And then the rains began.  It started as a drizzle, and continued to into a downpour.  Luke Jackson came on to pitch and looked good in the 6th inning, protecting a one run lead.  Jackson returned for the 7th inning and promptly allowed a solo homer to Mark Teixeira which would have gone out in approximately 0 of the 29 other ballparks (it was measured at 346 feet in right center, that's a double everywhere else, maybe even a single as low and hard as he hit it). 

Suddenly, the Rangers are looking at a two run deficit with the daunting bullpen threesome of Betances, Miller, and Chapman looming, and the rain streaming down the faces of those on the field matched my tears of dashed hopes that Luke Jackson would have a scoreless performance in what felt like a big outing for him. 

And it rained harder.  What started as a drizzle gradually developed into a full on down pour and the conclusion of the 7th inning seemed like a logical moment for the umpires to stop the game; yet, they did not, and Andrew Miller took the mound for NYY, representing the second head of the bullpen three headed monster, a group that had not blown a lead yet this season, for a team that had not lost a game while leading after 8 innings in their last 115 attempts. 

The Rangers' chances looked bleaker than the weather. 

Apparently, Rougned Odor did not get that memo.  Rougie came to the plate with one out in the top of the 8th and promptly sent an Andrew Miller fastball through the rain and into the right field second deck, 402 feet down the line.  Miller quickly retired the next two hitters, but there were signs of life. After all, this is the team that proudly never, ever quits. 

As the Rangers took the field for the bottom of the 8th, somehow, it began to rain harder. At this point, the evening had made the transition from #weirdbaseball to "holy crap, I hope no one gets hurt or actually drowns on the warning track" baseball. 

Tony Barnette, looking Andy Dufresne emerging from the sewage tunnel to his freedom (if abstract Shawshank Redemption references worked for Bill Simmons, maybe I should use them more often), handled the weather like a champ, slushing his way through a saturated 1.2 innings of scoreless relief with three strikeouts.  

On to the top of the 9th, where the rain did not let up, but Joe Girardi did.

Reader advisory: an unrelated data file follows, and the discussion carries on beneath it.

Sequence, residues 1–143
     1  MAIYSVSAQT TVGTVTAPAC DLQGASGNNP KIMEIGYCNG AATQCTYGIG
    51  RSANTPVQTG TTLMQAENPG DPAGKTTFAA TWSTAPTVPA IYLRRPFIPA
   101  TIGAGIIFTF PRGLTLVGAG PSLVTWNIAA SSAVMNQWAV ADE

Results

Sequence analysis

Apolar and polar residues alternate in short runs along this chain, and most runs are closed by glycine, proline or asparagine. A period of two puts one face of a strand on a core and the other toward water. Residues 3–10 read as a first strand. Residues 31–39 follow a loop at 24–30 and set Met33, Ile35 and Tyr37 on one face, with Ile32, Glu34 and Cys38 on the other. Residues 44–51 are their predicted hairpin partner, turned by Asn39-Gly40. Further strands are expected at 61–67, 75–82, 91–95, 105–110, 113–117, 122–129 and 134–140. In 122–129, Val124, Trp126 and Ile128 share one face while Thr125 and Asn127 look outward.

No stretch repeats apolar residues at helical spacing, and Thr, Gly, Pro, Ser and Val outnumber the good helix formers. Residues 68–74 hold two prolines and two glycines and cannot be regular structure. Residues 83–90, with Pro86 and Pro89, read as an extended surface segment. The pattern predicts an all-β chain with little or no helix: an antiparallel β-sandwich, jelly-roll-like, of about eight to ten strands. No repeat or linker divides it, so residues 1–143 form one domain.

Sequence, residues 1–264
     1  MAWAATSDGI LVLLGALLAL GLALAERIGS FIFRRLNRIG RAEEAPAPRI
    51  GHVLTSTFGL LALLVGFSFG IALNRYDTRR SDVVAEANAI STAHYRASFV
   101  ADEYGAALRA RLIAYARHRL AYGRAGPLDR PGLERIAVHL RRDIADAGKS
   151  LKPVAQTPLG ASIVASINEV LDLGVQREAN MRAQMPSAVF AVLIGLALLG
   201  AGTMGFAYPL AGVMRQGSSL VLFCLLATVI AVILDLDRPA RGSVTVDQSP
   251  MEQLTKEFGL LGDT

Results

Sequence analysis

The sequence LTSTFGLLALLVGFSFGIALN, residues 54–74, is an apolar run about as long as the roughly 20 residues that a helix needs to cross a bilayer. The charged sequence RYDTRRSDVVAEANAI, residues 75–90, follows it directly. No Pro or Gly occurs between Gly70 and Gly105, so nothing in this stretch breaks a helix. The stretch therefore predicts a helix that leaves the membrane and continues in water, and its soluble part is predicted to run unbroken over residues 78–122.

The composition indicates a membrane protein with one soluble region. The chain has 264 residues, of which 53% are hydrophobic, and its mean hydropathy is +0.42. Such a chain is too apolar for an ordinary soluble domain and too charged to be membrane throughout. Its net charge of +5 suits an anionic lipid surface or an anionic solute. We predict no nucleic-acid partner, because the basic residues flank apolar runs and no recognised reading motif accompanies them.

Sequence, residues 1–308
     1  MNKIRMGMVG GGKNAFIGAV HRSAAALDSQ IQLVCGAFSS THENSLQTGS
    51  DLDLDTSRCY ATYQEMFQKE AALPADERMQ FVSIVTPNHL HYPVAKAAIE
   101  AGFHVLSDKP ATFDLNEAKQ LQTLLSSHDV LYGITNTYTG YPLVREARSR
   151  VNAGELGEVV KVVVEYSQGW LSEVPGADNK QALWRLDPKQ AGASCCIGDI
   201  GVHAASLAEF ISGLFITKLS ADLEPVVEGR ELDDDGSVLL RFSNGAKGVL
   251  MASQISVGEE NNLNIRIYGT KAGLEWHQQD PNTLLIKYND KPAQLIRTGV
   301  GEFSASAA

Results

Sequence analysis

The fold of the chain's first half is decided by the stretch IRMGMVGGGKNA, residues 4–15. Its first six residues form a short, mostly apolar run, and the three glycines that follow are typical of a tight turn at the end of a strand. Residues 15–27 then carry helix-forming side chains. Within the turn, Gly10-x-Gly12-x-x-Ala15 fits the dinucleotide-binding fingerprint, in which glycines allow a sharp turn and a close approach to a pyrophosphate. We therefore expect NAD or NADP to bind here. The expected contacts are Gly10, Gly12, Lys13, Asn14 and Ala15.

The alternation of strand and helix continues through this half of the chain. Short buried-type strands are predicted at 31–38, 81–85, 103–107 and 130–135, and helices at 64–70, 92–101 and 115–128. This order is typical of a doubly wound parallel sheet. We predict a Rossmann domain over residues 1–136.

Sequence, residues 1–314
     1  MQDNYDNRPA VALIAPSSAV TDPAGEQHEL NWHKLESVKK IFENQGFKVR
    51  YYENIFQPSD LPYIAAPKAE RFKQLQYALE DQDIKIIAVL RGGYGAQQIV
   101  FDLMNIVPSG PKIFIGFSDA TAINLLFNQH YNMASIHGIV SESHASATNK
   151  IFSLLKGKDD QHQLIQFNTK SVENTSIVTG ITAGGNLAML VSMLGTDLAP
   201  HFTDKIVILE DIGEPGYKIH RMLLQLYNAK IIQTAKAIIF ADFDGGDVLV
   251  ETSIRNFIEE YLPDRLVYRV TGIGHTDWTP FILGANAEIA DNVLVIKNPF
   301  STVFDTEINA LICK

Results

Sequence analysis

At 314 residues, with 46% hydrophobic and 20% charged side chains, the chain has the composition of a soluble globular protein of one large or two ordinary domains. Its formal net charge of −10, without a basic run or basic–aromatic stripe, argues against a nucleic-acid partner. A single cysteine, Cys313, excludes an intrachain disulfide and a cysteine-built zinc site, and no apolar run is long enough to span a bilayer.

Aroldis Chapman took the mound, which at this point looked like the mountains of Ararat emerging from a biblical flood, and immediately had issues with control, walking Robinson Chirinos to begin the inning and going to a 3-1 count on Choo before Joe Girardi intervened. To the credit of Chapman, when the umpires asked him if he was ok, he said he was and just asked for a fresh rosin bag as he prepared to face the elements and pitch through to downpour.  

However, Joe Girardi could feel the game slipping away faster than a 100 mph fastball leaving Chapman's drenched hands and walked onto the field to question the umpires, the rain delay rules, the weather radar, and the existential meaning of life, which resulted in the umpires calling for the tarp, with the tying run on first, no outs, and the Rangers' second hottest hitter at the plate with a 3-1 count. 

End act two. 

Part Three: The Soggy Bottom Boys

"Some people feel the rain, others just get wet"- Bob Marley

As the tarp was brought onto the field, and Girardi's wish was granted, you could see Jeff Banister's blood begin to boil as he approached the umpires to try and understand why, at this point, more than an hour after the rain had begun, after his pitcher had just completed the bottom half of the inning pitching from 20,000 Leagues Under the Sea, and only after the tying run had reached base, that the umpires then decided to pull the tarp.  

His gripe was legit, but so was Girardi's.  In all honesty, the umpires let the game get out of hand well before reaching the 9th inning, but it was beyond a bad look for them to wait until one of the managers came onto the field to stop the game, giving the appearance that they were only doing it upon his request.  Banister was heated, and so was the Rangers dugout, with words being exchanged at a rapid pace with the umpiring crew to the point where Banister had to escort them away from the dugout to avoid ejections (by the way, I would love to know who was the chief noise maker over there, because whatever was being said was causing Cole Hamels to be in absolute stitches laughing at the banter). 

The tarp made it onto the field and the teams returned to their clubhouse, with one team determined to play out every last out, showing the constant attitude of never giving up, and the other angrily hoping that the game would be called, in which case it would not be suspended, instead reverting back to the conclusion of the 8th inning, rewarding the Yankees with a 6-5 win. 

And the teams waited.

And waited. 

And more waiting. 

And Rangers' twitter got weird, with an amazing run of Joe Girardi jokes and rain related pictures. 

And the teams waited. 

Finally, after 3 hours and 35 minutes, the teams were told to return to the field and the game would resume. 

But, as noted by the one and only Marlins Man, the Rangers were the only team to return to the field and get loose.  They were excited, smiling, and ready to continue, and the Yankees were no where to be found. The umpires walked out with both managers, with Joe Girardi pointing out issues with the field and stating how the game could not go on, while Banister stood off to the side with his arms crossed, sharing a glare of combined anger and disappointed dad with the entire crew while Girardi talked to his GM and a representative of MLB. 

Joe's complaints were to no avail, and despite his best efforts, the game resumed at 2:15 am with Shin Soo Choo returning to the plate to face Kirby Yates, also known as Not Aroldis Chapman.  Choo looks at a fastball for strike two.  Choo looks at a fast ball for three. Backwards K.  Wait.....that's not how this script is supposed to play out.